Heidelberg School 1886 – 1900

Group of artists active in the late 19th century in Heidelberg, a suburb of Melbourne, who introduced plein-air Impressionism to Australia The most important members were Tom Roberts, Frederick McCubbin, Arthur Streeton and Charles Conder

The Heidelberg School was an Australian art movement of the late 19th century The movement has latterly been described as Australian Impressionism

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Melbourne art critic Sidney Dickinson coined the term in a July 1891 review of works by Arthur Streeton and Walter Withers He noted that these and other local artists, who painted en plein air in Heidelberg on the city’s outskirts, could be considered members of the “Heidelberg School” The term has since evolved to cover painters who worked together at “artists’ camps” around Melbourne and Sydney in the 1880s and 1890s Along with Streeton and Withers, Tom Roberts, Charles Conder and Frederick McCubbin are considered key figures of the movement Drawing on naturalist and impressionist ideas, they sought to capture Australian life, the bush, and the harsh sunlight that typifies the country

The works of these artists are notable, not only for their merits as compositions, but as part of Australia’s cultural heritage The period leading up to Federation in 1901 saw an emerging sense of Australian nationalism, and is the setting for many classic stories of Australian folklore, made famous in the works of bush poets associated with the Bulletin School, such as Henry Lawson and Banjo Paterson The Heidelberg School’s work provides a visual complement to these tales and their images have become icons of Australian art Many of their most significant works are held in Australia’s major public galleries, including the National Gallery of Australia, the National Gallery of Victoria and the Art Gallery of New South Wales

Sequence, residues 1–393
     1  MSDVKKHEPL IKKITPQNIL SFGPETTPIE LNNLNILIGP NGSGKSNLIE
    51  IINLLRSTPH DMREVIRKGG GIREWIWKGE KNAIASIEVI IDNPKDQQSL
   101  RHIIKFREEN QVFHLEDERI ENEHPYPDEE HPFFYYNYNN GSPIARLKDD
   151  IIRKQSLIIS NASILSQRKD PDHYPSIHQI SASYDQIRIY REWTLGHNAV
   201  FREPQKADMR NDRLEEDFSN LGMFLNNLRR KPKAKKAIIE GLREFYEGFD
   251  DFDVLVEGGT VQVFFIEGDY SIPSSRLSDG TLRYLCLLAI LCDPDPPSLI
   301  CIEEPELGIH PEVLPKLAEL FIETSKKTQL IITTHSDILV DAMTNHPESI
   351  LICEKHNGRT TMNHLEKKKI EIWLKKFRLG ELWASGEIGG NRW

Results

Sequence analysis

Like many of their contemporaries in Europe and North America, members of the Heidelberg School adopted a direct and impressionistic style of painting They regularly painted landscapes en plein air, and sought to depict daily life They showed a keen interest in the effects of lighting, and experimented with a variety of brushstroke techniques Unlike the more radical approach of the French Impressionists, the Heidelberg School painters often maintained some degree of academic emphasis on form, clarity and composition The latter group had little direct contact with the former; for example, it was not until 1907 that McCubbin saw their works in person, which is reflected in his evolution towards a looser, more abstracted style

The Heidelberg School painters were not merely following an international trend, but “were interested in making paintings that looked distinctly Australian” Works of the Heidelberg School are generally viewed as some of the first in Western art to realistically and sensitively depict the Australian landscape as it actually exists The works of many earlier colonial artists look more like European scenes and do not reflect Australia’s harsh sunlight, earthier colours and distinctive vegetation